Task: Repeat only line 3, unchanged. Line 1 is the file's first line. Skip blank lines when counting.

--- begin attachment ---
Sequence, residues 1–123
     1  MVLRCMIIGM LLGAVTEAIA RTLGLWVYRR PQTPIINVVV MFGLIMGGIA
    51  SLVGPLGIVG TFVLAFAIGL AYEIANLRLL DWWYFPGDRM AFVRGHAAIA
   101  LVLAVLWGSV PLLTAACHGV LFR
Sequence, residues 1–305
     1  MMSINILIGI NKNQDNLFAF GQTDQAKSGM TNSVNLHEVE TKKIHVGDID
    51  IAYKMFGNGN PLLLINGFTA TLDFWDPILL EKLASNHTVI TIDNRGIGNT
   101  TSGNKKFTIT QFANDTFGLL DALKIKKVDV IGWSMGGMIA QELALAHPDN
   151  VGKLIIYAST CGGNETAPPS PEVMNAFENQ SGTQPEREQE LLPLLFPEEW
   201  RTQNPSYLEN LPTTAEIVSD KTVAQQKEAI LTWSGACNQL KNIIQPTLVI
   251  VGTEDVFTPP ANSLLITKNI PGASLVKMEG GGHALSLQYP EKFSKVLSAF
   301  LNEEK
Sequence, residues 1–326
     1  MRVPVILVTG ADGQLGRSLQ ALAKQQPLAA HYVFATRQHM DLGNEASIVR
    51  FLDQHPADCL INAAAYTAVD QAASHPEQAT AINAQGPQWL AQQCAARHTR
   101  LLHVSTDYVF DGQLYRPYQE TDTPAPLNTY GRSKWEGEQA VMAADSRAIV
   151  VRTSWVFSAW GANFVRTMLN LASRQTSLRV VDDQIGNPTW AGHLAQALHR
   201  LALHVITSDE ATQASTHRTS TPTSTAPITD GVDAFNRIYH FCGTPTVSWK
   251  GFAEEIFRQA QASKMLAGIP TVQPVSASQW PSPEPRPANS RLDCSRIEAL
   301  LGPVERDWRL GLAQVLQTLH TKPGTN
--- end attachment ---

    51  SLVGPLGIVG TFVLAFAIGL AYEIANLRLL DWWYFPGDRM AFVRGHAAIA